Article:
Quick Look: More on Image Stabilization

Randy from the iMovie team read my recent post on image stabilization and wanted to pass on some other things that are worth knowing about the way it works in iMovie '09.

Not Just a Zoom
The stabilization feature in iMovie '09 does more than just a simple zoom, which could be understood from my original post. iMovie primarily rotates and moves each frame to keep the objects all the in same place, which is quite a bit more sophisticated. Once the frames are moved and rotated, iMovie applies the amount of zoom necessary to cut off the black edges created by the correction. I suppose this could still be called a corrective zoom, but Randy's explanation is a lot more clear.

Two Things That Might Look Worse
In the same way shaky video can obscure what you want people to see, it can also hide things that you'd rather keep hidden. Once iMovie works its magic on your shaky footage, there are two other visual problems that will become much more noticeable.

Motion Blur
Unless you have a camera that shoots at really high framerates, it is possible to swing your camera around enough that the pixels will actually become blurred. Although iMovie can stabilize the frames relative to each other, it can't erase the blurriness of individual frames. Stabilized footage with blurry frames might look like the camera is moving in and out of focus.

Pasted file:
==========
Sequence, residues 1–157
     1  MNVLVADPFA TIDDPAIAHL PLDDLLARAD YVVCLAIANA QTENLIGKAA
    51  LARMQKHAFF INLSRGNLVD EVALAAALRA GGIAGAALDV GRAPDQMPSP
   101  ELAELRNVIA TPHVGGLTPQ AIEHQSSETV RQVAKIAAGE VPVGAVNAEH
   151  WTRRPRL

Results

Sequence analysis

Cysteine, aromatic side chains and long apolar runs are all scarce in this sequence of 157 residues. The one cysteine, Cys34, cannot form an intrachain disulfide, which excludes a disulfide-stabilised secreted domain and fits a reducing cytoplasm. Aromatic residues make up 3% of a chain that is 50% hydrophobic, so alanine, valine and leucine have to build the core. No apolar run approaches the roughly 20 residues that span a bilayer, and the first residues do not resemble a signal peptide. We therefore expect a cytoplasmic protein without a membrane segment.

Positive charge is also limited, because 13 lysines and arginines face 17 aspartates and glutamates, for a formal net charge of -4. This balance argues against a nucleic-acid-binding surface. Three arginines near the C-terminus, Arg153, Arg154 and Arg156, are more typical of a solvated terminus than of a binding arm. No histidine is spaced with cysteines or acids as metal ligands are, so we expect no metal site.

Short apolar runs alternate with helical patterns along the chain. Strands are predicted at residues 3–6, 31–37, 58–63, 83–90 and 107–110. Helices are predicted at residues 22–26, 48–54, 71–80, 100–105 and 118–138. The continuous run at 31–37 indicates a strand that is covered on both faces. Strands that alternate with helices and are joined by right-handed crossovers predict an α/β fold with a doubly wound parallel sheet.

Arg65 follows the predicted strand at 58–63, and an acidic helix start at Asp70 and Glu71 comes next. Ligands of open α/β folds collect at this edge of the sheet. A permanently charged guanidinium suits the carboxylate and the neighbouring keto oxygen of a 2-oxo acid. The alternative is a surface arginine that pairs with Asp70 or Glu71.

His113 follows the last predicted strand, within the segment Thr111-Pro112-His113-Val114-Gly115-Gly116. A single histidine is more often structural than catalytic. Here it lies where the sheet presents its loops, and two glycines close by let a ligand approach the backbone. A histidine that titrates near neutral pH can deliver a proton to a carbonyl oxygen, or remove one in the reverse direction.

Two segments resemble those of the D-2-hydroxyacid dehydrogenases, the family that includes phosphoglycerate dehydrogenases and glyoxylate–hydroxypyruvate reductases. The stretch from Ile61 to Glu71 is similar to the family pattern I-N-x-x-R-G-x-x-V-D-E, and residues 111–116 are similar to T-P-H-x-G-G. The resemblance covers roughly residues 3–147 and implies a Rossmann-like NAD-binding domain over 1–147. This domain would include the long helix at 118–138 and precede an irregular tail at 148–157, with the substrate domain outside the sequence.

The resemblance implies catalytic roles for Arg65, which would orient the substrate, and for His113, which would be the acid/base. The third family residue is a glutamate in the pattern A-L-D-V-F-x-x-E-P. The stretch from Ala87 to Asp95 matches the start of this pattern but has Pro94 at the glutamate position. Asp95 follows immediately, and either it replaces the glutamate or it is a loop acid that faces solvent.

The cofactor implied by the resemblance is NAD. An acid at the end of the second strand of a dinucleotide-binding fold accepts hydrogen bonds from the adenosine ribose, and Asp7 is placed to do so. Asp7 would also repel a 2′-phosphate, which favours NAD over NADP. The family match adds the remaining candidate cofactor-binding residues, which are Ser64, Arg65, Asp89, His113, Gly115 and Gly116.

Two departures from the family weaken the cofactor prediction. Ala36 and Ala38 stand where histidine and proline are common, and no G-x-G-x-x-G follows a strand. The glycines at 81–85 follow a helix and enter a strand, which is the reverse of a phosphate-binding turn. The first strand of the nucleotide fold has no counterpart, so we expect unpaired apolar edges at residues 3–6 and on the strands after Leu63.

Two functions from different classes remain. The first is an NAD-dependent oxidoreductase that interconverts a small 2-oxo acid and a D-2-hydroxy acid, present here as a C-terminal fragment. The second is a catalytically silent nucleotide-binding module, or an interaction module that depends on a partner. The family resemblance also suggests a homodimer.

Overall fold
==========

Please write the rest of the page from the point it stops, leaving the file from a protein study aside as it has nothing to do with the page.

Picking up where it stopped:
CMOS Jello
If you are shooting video with a CMOS camera, like the new Nikon D90, your video is being shot with a rolling shutter, which means the sensor data reads from the top of the sensor to the bottom over a (very short) period of time. If the camera is moving during shooting, the results of a rolling shutter can make the world look like it's suddenly made of jello (link via Daring Fireball). Randy notes that stabilization can make the jello stand out and look especially jiggly. Because the overwhelming majority of video cameras and still cameras that shoot video use CCDs rather than CMOS sensors, most cameras will not suffer from the jello problem.

See It in Action
Randy was kind enough to send a link to some of his Africa footage that he used in the Macworld keynote. For the curious, he filmed with a Panasonic SD-5 (a CCD-based camera). Everything was shot hand-held, no tripods, and was later stabilized and edited in iMovie. Thank you, Randy, for the great information. It looks like it was a great trip!

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